The Language Ability of U.S. Immigrants: Assimilation and Cohort Effects
This paper uses data from the 1980 and 1990 U.S. Census of Population to examine the English language skills of natives and immigrants. The first main finding is that lack of fluency in spoken English is rare among native- born Americans. In 1990, 98.4 % of natives aged 18 to 64 reported to the U.S. in large numbers during the past 30 years, such as Hispanics and East Asians a substantial fraction were not fluent when they entered grade school, but at most 3-5% of teenagers and adults in these groups reported speaking English poorly or not at all. Second the vast majority of immigrants speak English well. In 1990, only 1/4 of immigrants reported speaking English poorly or not at all, though more than 1/2 of Mexicans and 1/3 of immigrants from other non- English speaking western hemisphere countries could not speak proper English. Although English skills improve with length of residence, after 30 or more years in the U.S. over 1/4 of Mexican immigrants spoke English poorly or not at all. Third, since the 1950s there has been a trend decrease in the probability of fluency (speaking only English or speaking it very well) among new immigrants of about 0.1 % per year, caused by the shift from European immigrants with strong English skills to Latin American and East Asian immigrants who arrive speaking less English. Overall, women are slightly more likely to be fluent than men, especially East Asian and European women. Even after controlling for differences in education,years since arrival and other factors, large differences in English skills by region of origin remain. These differences seem to be more associated with geographic distance from the U.S. than with the source country's per capita income or linguistic distance from English.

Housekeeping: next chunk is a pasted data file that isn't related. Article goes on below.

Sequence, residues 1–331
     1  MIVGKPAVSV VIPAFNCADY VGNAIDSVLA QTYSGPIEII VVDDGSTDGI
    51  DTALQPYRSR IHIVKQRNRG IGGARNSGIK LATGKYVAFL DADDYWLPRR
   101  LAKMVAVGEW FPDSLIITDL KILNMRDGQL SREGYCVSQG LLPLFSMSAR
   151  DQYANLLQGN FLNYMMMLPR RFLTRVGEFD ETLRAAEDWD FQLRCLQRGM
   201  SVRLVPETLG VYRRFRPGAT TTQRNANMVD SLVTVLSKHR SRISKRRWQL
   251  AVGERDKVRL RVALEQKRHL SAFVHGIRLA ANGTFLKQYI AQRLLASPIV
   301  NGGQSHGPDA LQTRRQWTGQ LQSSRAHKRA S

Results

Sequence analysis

|Date of creation:||Aug 1995|
|Date of revision:|
|Publication status:||published as Carliner, Geoffrey. "The Language Ability of U.S. Immigrants: Assimilation and Cohort Effects." International Migration Review 34, 1 (Spring 2000): 158-182.|
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